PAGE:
MAPLEWOOD, NJ – NoHop is a young kangaroo who isn’t very good at hopping. He was born with something wrong with his foot and always comes in last when the kangaroos have races. The others make fun of him, and give him the unkind nickname of “NoHop.” But a kind friend, a surprise gift and a bit of a turnabout with the head bully turn things around for NoHop.
“NoHop, The Kangaroo Who Thought He Couldn’t” is a book by Leonard Bornstein of Maplewood, a retired educator from the Livingston school district. It’s aimed at children between the ages of three and five.
Bornstein, who was a school principal and later an administrator in special education, said the idea for the book came to him years ago, long before bullying came into such sharp focus.
“I have a good friend who pointed out to me that there’s a subtle discrimination in cartoons against the handicapped,” he said. “Daffy Duck has a lisp. Elmer Fudd has a stutter. Mister Magoo is nearly blind. And they’re thought of as funny characters. And as a school administrator, I saw the same thing happening. Kids who are different have to work much harder than the others just to be even.”
Bornstein kept notes on the idea in a folder and planned to someday put it altogether. When he bounced the idea off a couple of his former students, now writers living on the West Coast, they encouraged him to keep going and expand the idea.
And NoHop was born.
“Originally, he had a bad foot, but in the handicapped community, ‘bad’ is a bad word,” Bornstein explained. “So I changed it to him having a problem with his foot.” The story grew from there until NoHop not only had trouble hopping but he had to continually face other kangaroos who ridiculed him for his inability to hop as well as they do.
“The message I wanted to get across is that we all have differences, but you learn how to work around them,” Bornstein said.
When NoHop meets Tami Rose, a young Asian girl who becomes his friend, she gives him a pogo stick and cheers him on as he learns to use it. Soon he not only hops in the kangaroo races, he wins.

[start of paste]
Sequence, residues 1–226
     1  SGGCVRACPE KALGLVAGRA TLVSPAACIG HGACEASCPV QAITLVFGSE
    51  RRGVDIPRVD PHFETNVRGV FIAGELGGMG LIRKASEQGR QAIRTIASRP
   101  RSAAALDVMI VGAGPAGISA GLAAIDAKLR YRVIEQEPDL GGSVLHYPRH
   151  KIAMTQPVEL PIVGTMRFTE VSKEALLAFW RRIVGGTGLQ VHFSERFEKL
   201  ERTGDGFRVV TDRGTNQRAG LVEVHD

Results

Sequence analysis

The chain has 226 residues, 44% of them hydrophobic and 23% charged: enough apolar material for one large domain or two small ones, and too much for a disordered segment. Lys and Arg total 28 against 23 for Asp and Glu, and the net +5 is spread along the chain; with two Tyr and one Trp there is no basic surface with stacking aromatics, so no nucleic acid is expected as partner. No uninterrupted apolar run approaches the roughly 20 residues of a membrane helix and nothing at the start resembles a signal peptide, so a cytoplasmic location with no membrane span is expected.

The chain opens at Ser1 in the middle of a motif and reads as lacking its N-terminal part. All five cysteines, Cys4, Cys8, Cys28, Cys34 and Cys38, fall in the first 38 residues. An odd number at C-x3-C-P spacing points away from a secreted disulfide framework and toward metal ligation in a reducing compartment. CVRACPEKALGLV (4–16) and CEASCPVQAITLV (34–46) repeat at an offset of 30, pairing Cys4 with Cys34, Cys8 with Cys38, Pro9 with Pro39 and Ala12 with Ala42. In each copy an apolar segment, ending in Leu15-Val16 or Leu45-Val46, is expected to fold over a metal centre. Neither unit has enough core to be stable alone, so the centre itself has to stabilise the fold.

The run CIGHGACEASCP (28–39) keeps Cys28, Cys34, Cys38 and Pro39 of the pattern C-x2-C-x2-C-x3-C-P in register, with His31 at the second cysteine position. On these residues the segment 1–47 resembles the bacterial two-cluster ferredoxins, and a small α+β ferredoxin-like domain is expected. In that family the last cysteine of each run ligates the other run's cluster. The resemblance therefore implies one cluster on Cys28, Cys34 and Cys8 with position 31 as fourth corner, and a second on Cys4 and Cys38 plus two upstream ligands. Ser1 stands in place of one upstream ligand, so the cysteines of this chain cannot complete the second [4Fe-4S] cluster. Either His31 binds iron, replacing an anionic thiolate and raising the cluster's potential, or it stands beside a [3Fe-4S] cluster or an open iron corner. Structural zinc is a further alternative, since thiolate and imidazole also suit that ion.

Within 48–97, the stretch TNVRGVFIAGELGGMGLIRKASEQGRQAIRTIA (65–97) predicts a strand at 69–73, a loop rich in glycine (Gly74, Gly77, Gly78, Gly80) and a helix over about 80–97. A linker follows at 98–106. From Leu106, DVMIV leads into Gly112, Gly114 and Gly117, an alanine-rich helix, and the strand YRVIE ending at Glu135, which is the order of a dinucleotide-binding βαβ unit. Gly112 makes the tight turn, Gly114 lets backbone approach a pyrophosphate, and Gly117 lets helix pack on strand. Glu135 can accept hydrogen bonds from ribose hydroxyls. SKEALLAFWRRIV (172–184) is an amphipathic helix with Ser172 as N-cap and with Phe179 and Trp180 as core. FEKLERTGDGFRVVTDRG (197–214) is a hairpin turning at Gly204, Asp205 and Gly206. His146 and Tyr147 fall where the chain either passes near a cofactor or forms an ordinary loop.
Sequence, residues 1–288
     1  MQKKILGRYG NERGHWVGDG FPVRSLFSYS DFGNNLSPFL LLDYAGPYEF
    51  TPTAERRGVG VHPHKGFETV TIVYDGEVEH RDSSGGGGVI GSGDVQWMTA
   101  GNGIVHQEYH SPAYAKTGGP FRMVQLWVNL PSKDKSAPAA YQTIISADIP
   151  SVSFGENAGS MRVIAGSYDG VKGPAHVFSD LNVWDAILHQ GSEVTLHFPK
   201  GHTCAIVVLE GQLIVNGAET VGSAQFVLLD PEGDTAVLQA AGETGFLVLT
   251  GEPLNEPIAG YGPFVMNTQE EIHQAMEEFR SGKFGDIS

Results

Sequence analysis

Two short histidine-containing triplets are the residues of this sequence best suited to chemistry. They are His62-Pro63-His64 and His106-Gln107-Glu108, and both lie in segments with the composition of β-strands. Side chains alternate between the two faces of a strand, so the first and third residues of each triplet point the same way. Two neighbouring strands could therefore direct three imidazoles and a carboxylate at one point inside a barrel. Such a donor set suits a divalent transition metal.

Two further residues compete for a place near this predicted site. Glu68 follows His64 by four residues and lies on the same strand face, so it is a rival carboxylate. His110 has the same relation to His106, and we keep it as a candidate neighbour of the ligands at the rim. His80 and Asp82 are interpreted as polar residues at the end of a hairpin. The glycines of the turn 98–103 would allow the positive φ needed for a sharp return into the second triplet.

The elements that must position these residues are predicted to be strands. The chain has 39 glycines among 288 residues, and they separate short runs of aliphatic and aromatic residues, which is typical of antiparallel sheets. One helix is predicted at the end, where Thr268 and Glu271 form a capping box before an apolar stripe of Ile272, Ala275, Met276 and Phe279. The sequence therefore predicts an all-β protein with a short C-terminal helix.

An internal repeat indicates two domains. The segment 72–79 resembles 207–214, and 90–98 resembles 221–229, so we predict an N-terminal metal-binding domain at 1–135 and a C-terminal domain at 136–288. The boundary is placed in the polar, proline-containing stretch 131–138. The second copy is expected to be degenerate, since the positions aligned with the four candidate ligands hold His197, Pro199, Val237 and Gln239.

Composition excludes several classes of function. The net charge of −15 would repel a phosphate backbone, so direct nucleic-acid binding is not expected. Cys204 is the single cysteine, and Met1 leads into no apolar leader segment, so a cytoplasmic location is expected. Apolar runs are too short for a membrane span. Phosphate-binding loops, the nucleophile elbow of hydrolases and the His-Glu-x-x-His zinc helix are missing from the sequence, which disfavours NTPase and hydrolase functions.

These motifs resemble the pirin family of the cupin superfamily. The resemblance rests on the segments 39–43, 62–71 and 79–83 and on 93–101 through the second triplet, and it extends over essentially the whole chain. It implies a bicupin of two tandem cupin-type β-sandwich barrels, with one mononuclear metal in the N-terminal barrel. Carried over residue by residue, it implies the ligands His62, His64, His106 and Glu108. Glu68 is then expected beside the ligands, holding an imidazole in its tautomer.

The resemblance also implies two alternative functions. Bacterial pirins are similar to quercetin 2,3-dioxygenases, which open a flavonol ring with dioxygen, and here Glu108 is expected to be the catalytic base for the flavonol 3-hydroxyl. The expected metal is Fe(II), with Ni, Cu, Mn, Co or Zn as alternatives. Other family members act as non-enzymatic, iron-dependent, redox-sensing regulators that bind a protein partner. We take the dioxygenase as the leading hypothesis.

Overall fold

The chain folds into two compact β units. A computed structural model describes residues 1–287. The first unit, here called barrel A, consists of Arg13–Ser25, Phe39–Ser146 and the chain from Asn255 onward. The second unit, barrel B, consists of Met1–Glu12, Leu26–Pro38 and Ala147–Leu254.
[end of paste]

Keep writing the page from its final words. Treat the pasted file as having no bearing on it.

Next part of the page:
“The pogo stick represents a wheelchair or a crutch, anything you need to work around the difference you have,” Bornstein explained. “Tami Rose is a caregiver, a support. She is Asian intentionally – I wanted to make as many differences between them as I could.”
Students in special education are bullied in a way other students aren’t, Bornstein said. They are made fun of about everything from their handicap to the bus that brings them to school. But bullying is, and always has been, a widespread problem.
“Kids make fun of your hair, your dress, where you bought your clothes,” he said. “It’s an old game of finding a leg up on the kid next to you. You don’t understand it that way when you’re a kid, but that’s basically what it is. The bully is saying ‘You’re different than I am, you should be more like me.’”
Bornstein isn’t selling “NoHop.” If you want a copy, he wants a little quid pro quo. He’s having a book signing at [words] bookstore at 2 p.m. on Sunday, Nov. 20, which will also feature a reading by Karen Callaway Williams, a dancer and friend of Bornstein’s. He’ll give you a signed copy of his book – which comes with a CD of the NoHop Song – if you’ll make a donation to Arts Unbound, his favorite charitable non-profit.
Arts Unbound, which has storefronts in Orange and in Maplewood, is a non-profit organization that provides arts education, skills building and a variety of vocational opportunities in the visual arts to youth and adults with mental, developmental and physical disabilities.
“I’m not on their board of directors, I just believe in what they do,” said Bornstein, who now operates Premier Events and LB Entertainment, an interactive entertainment company based in Millburn. “The stories behind the artwork are incredible. You cannot believe the quality, the imagination, the artistic ability of people who are blind, or who have no use of their legs… it’s remarkable.”
Bornstein said he’s glad to give away copies of his book in exchange for a donation to Arts Unbound.
“I’m trying to help as many people as possible in one gesture,” he said.